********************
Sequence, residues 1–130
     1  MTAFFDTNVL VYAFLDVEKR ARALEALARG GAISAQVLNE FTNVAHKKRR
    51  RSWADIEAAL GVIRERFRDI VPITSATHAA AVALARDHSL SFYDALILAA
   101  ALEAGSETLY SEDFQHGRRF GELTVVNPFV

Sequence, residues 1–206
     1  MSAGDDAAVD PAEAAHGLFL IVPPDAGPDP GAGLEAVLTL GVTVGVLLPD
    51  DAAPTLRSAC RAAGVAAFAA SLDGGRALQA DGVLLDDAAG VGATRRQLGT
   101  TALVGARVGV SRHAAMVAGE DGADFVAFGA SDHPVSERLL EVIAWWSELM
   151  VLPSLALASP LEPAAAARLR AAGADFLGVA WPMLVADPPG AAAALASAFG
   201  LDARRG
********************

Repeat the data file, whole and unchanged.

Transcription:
Sequence, residues 1–130
     1  MTAFFDTNVL VYAFLDVEKR ARALEALARG GAISAQVLNE FTNVAHKKRR
    51  RSWADIEAAL GVIRERFRDI VPITSATHAA AVALARDHSL SFYDALILAA
   101  ALEAGSETLY SEDFQHGRRF GELTVVNPFV

Sequence, residues 1–206
     1  MSAGDDAAVD PAEAAHGLFL IVPPDAGPDP GAGLEAVLTL GVTVGVLLPD
    51  DAAPTLRSAC RAAGVAAFAA SLDGGRALQA DGVLLDDAAG VGATRRQLGT
   101  TALVGARVGV SRHAAMVAGE DGADFVAFGA SDHPVSERLL EVIAWWSELM
   151  VLPSLALASP LEPAAAARLR AAGADFLGVA WPMLVADPPG AAAALASAFG
   201  LDARRG